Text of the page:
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For the first time, Closing the Gap has a higher education target – here’s how to achieve it

Written by Ian Anderson. Palawa, Australian National University

The new National Agreement on Closing the Gap has a higher education target for the first time.

It’s also the first time an agreement between governments on Indigenous issues was negotiated and signed by Indigenous Australians. The Coalition of Aboriginal Peak Organisations represented Indigenous Australians.

Read more:
We have 16 new Closing the Gap targets. Will governments now do what’s needed to meet them?

Endorsed by the National Cabinet on July 30 this year, the ten-year agreement replaces the 2008 National Indigenous Reform Agreement.

To reach the higher education target, universities and vocational education providers must overcome the educational and social barriers Indigenous students face. Higher education providers can also have an impact on all the agreement’s target areas as well as the reform agenda set out in the agreement.

What is the target?

The higher education target is for 70% of Indigenous Australians between 25 and 34 years of age to have a tertiary qualification by 2031.

In 2016, 42.3% of Indigenous Australians in this age group had tertiary qualifications at the target’s required level. The proportion had more than doubled from 18.9% in 2001. By contrast, however, 72% of non-Indigenous Australians had such qualifications in 2016.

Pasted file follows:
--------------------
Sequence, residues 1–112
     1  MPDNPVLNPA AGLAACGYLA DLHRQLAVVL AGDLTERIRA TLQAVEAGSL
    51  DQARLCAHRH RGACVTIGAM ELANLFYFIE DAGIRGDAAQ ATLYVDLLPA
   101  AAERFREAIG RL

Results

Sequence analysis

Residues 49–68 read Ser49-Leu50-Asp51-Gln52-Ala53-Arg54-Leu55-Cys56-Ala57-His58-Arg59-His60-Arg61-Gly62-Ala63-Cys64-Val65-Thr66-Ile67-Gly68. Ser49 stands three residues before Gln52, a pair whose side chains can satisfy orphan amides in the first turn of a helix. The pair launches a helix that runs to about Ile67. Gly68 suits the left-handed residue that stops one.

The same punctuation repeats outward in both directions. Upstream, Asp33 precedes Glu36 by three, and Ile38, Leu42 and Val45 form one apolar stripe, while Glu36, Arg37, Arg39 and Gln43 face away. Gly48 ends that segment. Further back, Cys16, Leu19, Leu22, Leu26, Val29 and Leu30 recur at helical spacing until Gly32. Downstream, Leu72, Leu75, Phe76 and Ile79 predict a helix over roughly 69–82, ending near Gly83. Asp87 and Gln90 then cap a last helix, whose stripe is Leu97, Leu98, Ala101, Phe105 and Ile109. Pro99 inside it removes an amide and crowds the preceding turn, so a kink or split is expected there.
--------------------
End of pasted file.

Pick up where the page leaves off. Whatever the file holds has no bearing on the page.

Chart with tertiary qualifications for ages 25-34

Data: Australian Census of Population and Housing, 2001-2016, Closing the Gap, CC BY

The target includes all university qualifications and those in vocational education above Certificate III level. Tertiary qualifications at these levels prepare Indigenous Australians for jobs.

Helping students take the next step

Year 12 completions are one factor with an impact on tertiary outcomes. It is encouraging to see growing numbers of Indigenous students completing high school. In 2020 this target was on track.

However, schools need to ensure Indigenous students who complete Year 12 are academically equipped for further university education and/or vocational training. More focus is needed on educational attainment in schools. Options for Indigenous students can also be broadened, including stronger pathways in secondary school mathematics and science.

Many Indigenous students are the first in their family to enter higher education. To support their journey, universities and vocational education providers need to develop long-term relationships with schools and Indigenous communities.

Read more:
After coronavirus, universities must collaborate with communities to support social transition

What higher education providers can do

Indigenous university enrolments continue to grow. In fact, Indigenous enrolments increased by about 100% over the decade from 1996.

Chart. Growth in commencing tertiary enrolments relative to 1996.

Source: AIHW analysis of Department of Higher Education Statistics Collection, Author provided

However, Indigenous attrition rates continue to be high. This is a key issue that demands attention.